Mets catcher James McCann providing any offense is gravy on the biscuit
By Tim Boyle
James McCann joined the New York Mets this offseason with many hopeful he can end a long-overdue streak of poor starting catchers. Even though Wilson Ramos hit well in 2019 and we did get some occasional production out of Travis d’Arnaud for a brief time, the Mets have been without a truly productive catcher since Paul Lo Duca left the club.
McCann will look to turn it all around this year both behind the plate and with both heels dug into the batter’s box.
Expectations are high for McCann in year one with the Mets. A superb defender who may have also found his swing in the past two seasons, many are hopeful he’ll put together an All-Star caliber season in 2021. I’m not quite as optimistic. If McCann can give the Mets anything close to what he did as a member of the Chicago White Sox on the offensive side of the ball, it’s gravy on the biscuit.
Mets need James McCann to save runs, not create them
I think everyone knows why the Mets coveted McCann this winter. He’s a plus-defender whose reputation working with pitchers is a positive one. After two years of Ramos performing poorly behind the plate, the front office thought it was time to go in a new direction.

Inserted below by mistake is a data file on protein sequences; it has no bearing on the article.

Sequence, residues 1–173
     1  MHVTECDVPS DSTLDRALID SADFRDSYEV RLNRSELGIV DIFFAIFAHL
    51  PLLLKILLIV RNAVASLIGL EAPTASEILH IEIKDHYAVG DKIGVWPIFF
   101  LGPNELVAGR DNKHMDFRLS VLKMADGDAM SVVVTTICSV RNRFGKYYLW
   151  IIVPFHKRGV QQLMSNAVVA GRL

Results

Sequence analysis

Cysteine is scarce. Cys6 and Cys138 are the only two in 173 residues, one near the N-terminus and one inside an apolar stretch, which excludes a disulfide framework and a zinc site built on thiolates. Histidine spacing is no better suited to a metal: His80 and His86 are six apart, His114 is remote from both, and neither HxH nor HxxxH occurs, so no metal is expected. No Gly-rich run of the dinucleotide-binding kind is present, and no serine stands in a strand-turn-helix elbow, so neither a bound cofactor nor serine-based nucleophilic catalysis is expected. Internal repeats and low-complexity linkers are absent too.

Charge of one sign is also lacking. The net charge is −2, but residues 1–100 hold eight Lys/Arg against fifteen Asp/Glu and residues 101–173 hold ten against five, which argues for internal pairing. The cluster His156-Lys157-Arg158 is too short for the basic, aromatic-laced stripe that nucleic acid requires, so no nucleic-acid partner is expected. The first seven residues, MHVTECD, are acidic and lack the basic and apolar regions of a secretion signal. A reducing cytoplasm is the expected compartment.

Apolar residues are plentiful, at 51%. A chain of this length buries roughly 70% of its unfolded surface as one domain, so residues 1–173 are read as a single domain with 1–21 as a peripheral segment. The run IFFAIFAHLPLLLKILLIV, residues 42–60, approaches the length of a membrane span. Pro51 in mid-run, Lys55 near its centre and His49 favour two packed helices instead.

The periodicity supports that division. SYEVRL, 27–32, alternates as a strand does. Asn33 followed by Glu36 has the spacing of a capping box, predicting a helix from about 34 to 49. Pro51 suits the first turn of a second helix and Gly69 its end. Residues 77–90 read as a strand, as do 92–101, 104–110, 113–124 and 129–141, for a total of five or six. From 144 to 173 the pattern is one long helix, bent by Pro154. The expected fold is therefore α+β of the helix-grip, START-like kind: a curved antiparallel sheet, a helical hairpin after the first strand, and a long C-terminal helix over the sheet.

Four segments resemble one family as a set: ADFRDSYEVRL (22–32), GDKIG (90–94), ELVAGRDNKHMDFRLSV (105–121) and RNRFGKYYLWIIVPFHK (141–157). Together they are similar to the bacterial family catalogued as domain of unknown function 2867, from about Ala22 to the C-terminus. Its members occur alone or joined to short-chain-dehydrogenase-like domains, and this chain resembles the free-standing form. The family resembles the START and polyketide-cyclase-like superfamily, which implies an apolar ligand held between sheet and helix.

McCann’s two years in Chicago definitely lift what many believe he can accomplish in New York. In his 149 games with the White Sox, McCann slashed .276/.334/.474 with 25 home runs in 587 plate appearances.
This was much better than what he did in parts of five seasons with the Detroit Tigers, hitting .240/.288/.366 with only 40 home runs in 1,658 trips to the plate.
Unless it was all just a fluke and the new baseballs MLB has planned for 2021 really play a factor, we should expect McCann to at least be better than his Tigers days.
Do the Mets need much offense from McCann?
If McCann left his hot bat in Chicago, the Mets can survive. The projected number eight hitter this season, McCann’s offense isn’t what earned him $40 million this offseason. The lifetime .249/.300/.394 slash line with enough power to knock a home run total somewhere in the teens is about what we should expect.
Among the possible areas to improve upon, McCann will need to learn to become a little more patient of a hitter. In the National League without a DH, he has a job to protect the pitcher’s spot in the lineup. Sometimes this means taking a walk. It’s something he hasn’t done much throughout his career.
McCann should surely see his end-of-season walk totals go up—even just a little bit—because of the occasional intentional free pass just to get to the pitcher’s spot. In his career, McCann has only been handed first base freely once via an intentional walk.
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Since becoming a big leaguer, McCann’s career has not been defined by what he did with a bat in his hands. First and foremost, he’s a catcher. Consider a great year at the plate as the succulent liquid topping on a carbohydrate-heavy breakfast.